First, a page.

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Old 10-01-2018, 04:39 PM
Jan Iwaszkiewicz's Avatar
Jan Iwaszkiewicz Jan Iwaszkiewicz is offline
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Default Philistines and Foxbrands

REVISION the Umpteenth

Philistines and Foxbrands

“O Stolid Philistines
Stare now in amaze
At my foxes running in your cornfields
With their tails ablaze.”

(Angry Samson-Robert Graves)


I-The Philistines

The World Stage has opened with choirs of songbirds,
and black rats that dance fat on bodies and duckboards.

Created from need now, my sweet girl has risen,
an Uber Valkyrie who rides with the storm troops
of donner und blitzen

My stiff neck starts shaking,
I'm racked down with laughter as foxbrands are burning
in cornfields my daughter will turn into wasteland.

An erstwhile Brunhilde, she cuts cross and dum dums
the rounds down beside her. Her trench wears such neat hems
of dead men and horses.

(The sun lights more foxtails.)

She snorts and she curses then slow-whets with ribbed steel
a bright butcher's knife-edge.

Her thumb wets her foresight
She lies on her trench ledge and drops them in death-sweat
with sharp barks of gunfire.

The One God betrays them
in blind mud and barbed wire.


II-The Foxbrands

We kneel down before Him.
“O Lord God of Battles how ragged the rattle
of small arms and breathing.”

We're unquiet cattle
who mill in the trenches. Our nerve ends are jangled
and rumours are seething like maggots inside us.
The stench is appalling.

The big guns begin now
and false dawn is tangled with light from the shelling.

We shift to the ladders, the noncoms are yelling,
our bayonets are angled and whistles start blowing.
We're up and we're over and running and screaming.

Sopranos of courage, the boy-men who lead us
are tripping and falling,

they shrill into silence,
the mad rush is stalling.

Retreating and leaving
dead comrades behind us we shuffle to trenches
as stoic as oxen that do as they're bidden.

Our stiff lips and foxes (one shown and one hidden)
define us and bind us.

The snipers who shoot down
the trapped and the dying are blessings and curses.

The sun dawns on sadness, on wire and craters,
on black mud and madness.

We now know what hate is.


III-The Cornfields


The Death Hound has gone now and quick foxes run free.
The grass grows and spring fills the bone hands with new leaves.

The bronze bells carillon in air thick with flowers.
The children are schooling in shoals sweet with laughter.
They dart through the cornfields while playing at chasings.

We sop bread in red wine, it languids the hours
that stretch out through peacetime and into hereafter,
forgetting that ploughs yield to verdigrised casings.

Beneath clay and dark earth the black hate has vanished.
The spring corn's a blanket on victors and vanquished.

Their flesh joined as one flesh,
their bones joined as one bone.
They plump out the bread grain,
and bleed through the grape vine.

But growing between breaths of human existence
there’s sadness in knowing that hatred’s not finished,
as life was created with songs of destruction
to sleep in the blood of the living like cancers.












REVISIONS AND ADDITIONS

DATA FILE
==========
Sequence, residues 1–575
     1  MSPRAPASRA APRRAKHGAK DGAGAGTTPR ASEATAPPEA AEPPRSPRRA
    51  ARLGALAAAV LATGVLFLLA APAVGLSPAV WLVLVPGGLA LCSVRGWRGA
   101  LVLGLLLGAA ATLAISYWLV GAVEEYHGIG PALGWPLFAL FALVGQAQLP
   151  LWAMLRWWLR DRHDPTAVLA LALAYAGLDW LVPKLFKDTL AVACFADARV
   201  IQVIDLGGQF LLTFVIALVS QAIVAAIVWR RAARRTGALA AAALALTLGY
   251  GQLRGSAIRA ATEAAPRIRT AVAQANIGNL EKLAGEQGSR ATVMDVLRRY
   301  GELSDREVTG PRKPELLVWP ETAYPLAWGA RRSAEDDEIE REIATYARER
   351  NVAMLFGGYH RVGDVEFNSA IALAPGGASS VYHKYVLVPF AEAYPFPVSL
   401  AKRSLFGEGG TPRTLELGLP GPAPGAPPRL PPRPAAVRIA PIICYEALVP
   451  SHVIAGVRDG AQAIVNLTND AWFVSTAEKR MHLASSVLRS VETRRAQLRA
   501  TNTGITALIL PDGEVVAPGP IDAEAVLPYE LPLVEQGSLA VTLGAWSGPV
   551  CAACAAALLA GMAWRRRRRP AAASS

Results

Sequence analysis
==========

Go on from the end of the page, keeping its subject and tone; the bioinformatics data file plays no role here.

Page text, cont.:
Philistines and Foxbrands

“O Stolid Philistines
Stare now in amaze
At my foxes running in your cornfields
With their tails ablaze.”


(Angry Samson-Robert Graves)

I-The Philistines

The World Stage has opened with choirs of songbirds,
and black rats that dance fat on bodies and duckboards.

Created from need now, my girl-child has risen,
an Uber Valkyrie, who's freed from her prison,
She's ready for duty and sleeps with her rifle.

My stiff neck starts shaking, I'm racked down with laughter
as foxbrands are burning in cornfields my daughter
will turn into wasteland.

The spring corn's a blaShe cuts cross and dum dums
the rounds down beside her. Her trench wears such neat hems
of dead men and horses.

The spring corn's a bla(The sun lights more foxtails.)

She snorts and she curses then slow-whets with ribbed steel
a bright butcher's knife-edge.

The spring corn's a blaHer thumb wets her foresight
She lies on her trench ledge and drops them in death-sweat
with sharp barks of gunfire.

The spring corn's a blaThe One God betrays Them
in blind mud and barbed wire.


II-The Foxbrands

The spring corn's a blaWe kneel down before Him.
“O Lord God of Battles how ragged the rattle
of small arms and breathing.”

The spring corn's a blaWe're unquiet cattle
who mill in the trenches. Our nerve ends are jangled
and rumours are seething like maggots inside us.
The stench is appalling.

The spring corn's a blaThe big guns begin now
and false dawn is tangled with light from the shelling.

We shift to the ladders, the noncoms are yelling,
our bayonets are angled and whistles start blowing.
We're up and we're over and running and screaming.

Sopranos of courage, the boy-men who lead us
are tripping and falling,

The spring corn's a blathey shrill into silence,
the mad rush is stalling.

The spring corn's a blaRetreating and leaving
dead comrades behind us we shuffle to trenches
as stoic as oxen that do as they're bidden.

Our stiff lips and foxes (one shown and one hidden)
define us and bind us.

The spring corn's a blaThe snipers who shoot down
the trapped and the dying are blessings and curses.

The sun dawns on sadness, on wire and craters,
on black mud and madness.

The spring corn's a blaWe now know what hate is.


III-The Cornfields


The Death Hound has gone now, the quick foxes run free
and tree bones are live again each greened with new leaves.

The bronze bells carillon in air thick with flowers
and children are schooling in shoals sweet with laughter.
They dart through the cornfields while playing at chasings.

We sop bread in red wine, it languids the hours
that stretch out through peacetime and into hereafter,
forgetting that ploughs yield to verdigrised casings.